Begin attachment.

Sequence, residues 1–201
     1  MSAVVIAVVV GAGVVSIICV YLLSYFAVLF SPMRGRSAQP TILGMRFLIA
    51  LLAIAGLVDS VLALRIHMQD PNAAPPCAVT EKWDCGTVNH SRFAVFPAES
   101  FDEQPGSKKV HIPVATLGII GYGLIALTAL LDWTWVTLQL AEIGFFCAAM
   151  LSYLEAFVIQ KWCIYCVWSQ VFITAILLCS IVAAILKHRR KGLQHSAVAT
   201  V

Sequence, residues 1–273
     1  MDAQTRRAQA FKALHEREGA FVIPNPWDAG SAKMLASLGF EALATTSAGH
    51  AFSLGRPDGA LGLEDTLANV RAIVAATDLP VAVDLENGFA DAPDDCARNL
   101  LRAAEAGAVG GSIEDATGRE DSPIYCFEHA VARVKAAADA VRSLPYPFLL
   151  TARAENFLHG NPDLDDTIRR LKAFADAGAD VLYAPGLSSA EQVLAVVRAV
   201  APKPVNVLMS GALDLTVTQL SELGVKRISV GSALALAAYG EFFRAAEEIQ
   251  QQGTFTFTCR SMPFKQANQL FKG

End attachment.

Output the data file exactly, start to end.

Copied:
Sequence, residues 1–201
     1  MSAVVIAVVV GAGVVSIICV YLLSYFAVLF SPMRGRSAQP TILGMRFLIA
    51  LLAIAGLVDS VLALRIHMQD PNAAPPCAVT EKWDCGTVNH SRFAVFPAES
   101  FDEQPGSKKV HIPVATLGII GYGLIALTAL LDWTWVTLQL AEIGFFCAAM
   151  LSYLEAFVIQ KWCIYCVWSQ VFITAILLCS IVAAILKHRR KGLQHSAVAT
   201  V

Sequence, residues 1–273
     1  MDAQTRRAQA FKALHEREGA FVIPNPWDAG SAKMLASLGF EALATTSAGH
    51  AFSLGRPDGA LGLEDTLANV RAIVAATDLP VAVDLENGFA DAPDDCARNL
   101  LRAAEAGAVG GSIEDATGRE DSPIYCFEHA VARVKAAADA VRSLPYPFLL
   151  TARAENFLHG NPDLDDTIRR LKAFADAGAD VLYAPGLSSA EQVLAVVRAV
   201  APKPVNVLMS GALDLTVTQL SELGVKRISV GSALALAAYG EFFRAAEEIQ
   251  QQGTFTFTCR SMPFKQANQL FKG